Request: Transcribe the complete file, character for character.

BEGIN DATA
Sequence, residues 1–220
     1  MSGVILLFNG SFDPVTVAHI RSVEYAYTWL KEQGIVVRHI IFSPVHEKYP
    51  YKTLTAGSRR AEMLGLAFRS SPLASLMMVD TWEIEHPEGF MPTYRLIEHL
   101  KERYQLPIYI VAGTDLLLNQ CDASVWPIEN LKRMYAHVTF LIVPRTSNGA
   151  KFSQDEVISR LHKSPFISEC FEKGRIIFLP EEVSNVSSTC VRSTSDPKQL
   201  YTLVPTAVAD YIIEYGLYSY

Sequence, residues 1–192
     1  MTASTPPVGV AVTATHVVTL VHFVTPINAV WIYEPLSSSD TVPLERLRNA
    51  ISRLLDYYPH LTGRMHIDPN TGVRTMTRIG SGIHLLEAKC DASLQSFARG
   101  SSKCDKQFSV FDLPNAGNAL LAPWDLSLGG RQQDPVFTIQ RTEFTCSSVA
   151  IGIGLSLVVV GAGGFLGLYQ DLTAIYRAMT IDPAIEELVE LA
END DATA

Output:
Sequence, residues 1–220
     1  MSGVILLFNG SFDPVTVAHI RSVEYAYTWL KEQGIVVRHI IFSPVHEKYP
    51  YKTLTAGSRR AEMLGLAFRS SPLASLMMVD TWEIEHPEGF MPTYRLIEHL
   101  KERYQLPIYI VAGTDLLLNQ CDASVWPIEN LKRMYAHVTF LIVPRTSNGA
   151  KFSQDEVISR LHKSPFISEC FEKGRIIFLP EEVSNVSSTC VRSTSDPKQL
   201  YTLVPTAVAD YIIEYGLYSY

Sequence, residues 1–192
     1  MTASTPPVGV AVTATHVVTL VHFVTPINAV WIYEPLSSSD TVPLERLRNA
    51  ISRLLDYYPH LTGRMHIDPN TGVRTMTRIG SGIHLLEAKC DASLQSFARG
   101  SSKCDKQFSV FDLPNAGNAL LAPWDLSLGG RQQDPVFTIQ RTEFTCSSVA
   151  IGIGLSLVVV GAGGFLGLYQ DLTAIYRAMT IDPAIEELVE LA